The draft Upstream Petroleum Resources Development Bill was published in the Government Gazette on Christmas’s Eve for public comment. The state will get a 20% free stake in all projects, which must also have a minimum of 10% black ownership. It remains to be seen if this will attract the investment needed to kickstart the sector.
It was too late for the Africa Oil Week conference in Cape Town in November 2019, but never mind. South Africa’s draft Upstream Petroleum Resources Development Bill was published on Christmas Eve for public comment, which must be submitted by 21 February 2020. The envisioned bill will provide the broad regulatory framework for South Africa’s infant upstream hydrocarbon industry. Taxes and royalty regimes still need to be drawn up by the Treasury.
South Africa has been a mining jurisdiction for more than a century, which has been both curse and blessing, and it is never going to have an oil and gas industry on the same scale. Around a third of the gold produced in recorded history was extracted here and South Africa is still home to the world’s biggest platinum and manganese reserves. But it’s hardly going to be the next Saudi Arabia when it comes to oil and gas.
So to draw outside investment — at a time where there is a global shift to renewables and cleaner energy sources — South Africa’s hydrocarbon regulations need to be attractive.
The big drawbacks are the ownership terms, which feature a minimum 10% black ownership clause and a 20% free carry for the state.
“The world is moving to a post-oil, post-fossil fuel world, so countries looking for new investment in upstream oil need to be very competitive and very welcoming. This is especially true for SA which is seeking investors in a comparatively new province. The world understands the need for a 10% BBBEE requirement to right historic wrongs, but to add a 20% free carry is prohibitive,” Tara O’Connor, director of Africa Risk Consulting, told Business Maverick.
The issue is further complicated by the insistence on what amounts to board representation.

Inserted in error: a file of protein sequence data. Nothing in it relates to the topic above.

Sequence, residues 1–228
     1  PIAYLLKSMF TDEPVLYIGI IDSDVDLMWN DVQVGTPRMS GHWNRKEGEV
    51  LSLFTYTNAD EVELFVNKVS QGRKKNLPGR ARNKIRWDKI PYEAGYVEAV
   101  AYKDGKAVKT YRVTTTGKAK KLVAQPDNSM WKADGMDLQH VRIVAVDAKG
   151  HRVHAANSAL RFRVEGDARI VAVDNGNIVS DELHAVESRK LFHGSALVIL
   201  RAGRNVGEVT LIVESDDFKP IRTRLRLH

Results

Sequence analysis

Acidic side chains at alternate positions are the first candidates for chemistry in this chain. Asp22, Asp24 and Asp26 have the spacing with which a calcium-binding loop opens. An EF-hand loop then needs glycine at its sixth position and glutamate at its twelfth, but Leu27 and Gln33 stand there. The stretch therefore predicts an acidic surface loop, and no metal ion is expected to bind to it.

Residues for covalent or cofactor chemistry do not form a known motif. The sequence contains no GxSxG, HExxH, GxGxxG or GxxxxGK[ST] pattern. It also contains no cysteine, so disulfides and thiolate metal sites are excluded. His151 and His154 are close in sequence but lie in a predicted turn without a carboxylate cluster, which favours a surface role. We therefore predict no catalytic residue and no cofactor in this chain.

“Every exploration or production right must have a minimum of 10% participating interest by black persons which must include economic interest plus a corresponding percentage of voting rights, per exploration right or production right,” the draft bill says.
The same holds true for the state’s stake, via PetroSA.
“PetroSA must appoint two or more representatives to the joint operating committee of the exploration or production operation to represent the State… PetroSA is entitled to full participation including the corresponding percentage of voting rights to the interest held in the joint operating agreement,” the draft bill says.
That could raise boardroom hackles. Will it include access to confidential information? Such provisions are often aimed at dividend extraction and not a seat at the operations table.
Another state-owned enterprise (SOE) will also be created, the Petroleum Agency of South Africa, which among other things will receive and assess exploration and production applications. That is not controversial, but South Africa’s SOE track record hardly inspires confidence. Then there are the opportunities for corruption — a legitimate concern with the oil industry. Mix that with the ANC, and what could go wrong?
The Brulpadda gas find off the coast of South Africa, announced by Total E&P SA in February 2019, is one of the factors behind government hopes that the country will become Africa’s next hydrocarbon province. There are also dreams of unlocking shale gas in the Karoo, over which there are legitimate environmental concerns. On that front, conservationists are making the case that more effort should be made to tap South Africa’s abundant sunshine and wind, not least to address the worsening power crisis, the biggest threat to the economy. And then there is our burning planet.
A counter-argument would be that natural gas is relatively clean and can also be utilised for power generation. And Hiluxes are not going to be replaced by electric vehicles tomorrow. Inflation and interest rates are sensitive to the global oil price and rand exchange rate. If the stuff is going to be consumed anyway, better to extract and produce it domestically — that would appear to be the government’s position. But if the government really wants to develop an upstream petroleum industry, it is going to need to attract foreign investment.
It remains to be seen if this regulatory framework — which is far from being set in stone at this stage — will do just that. BM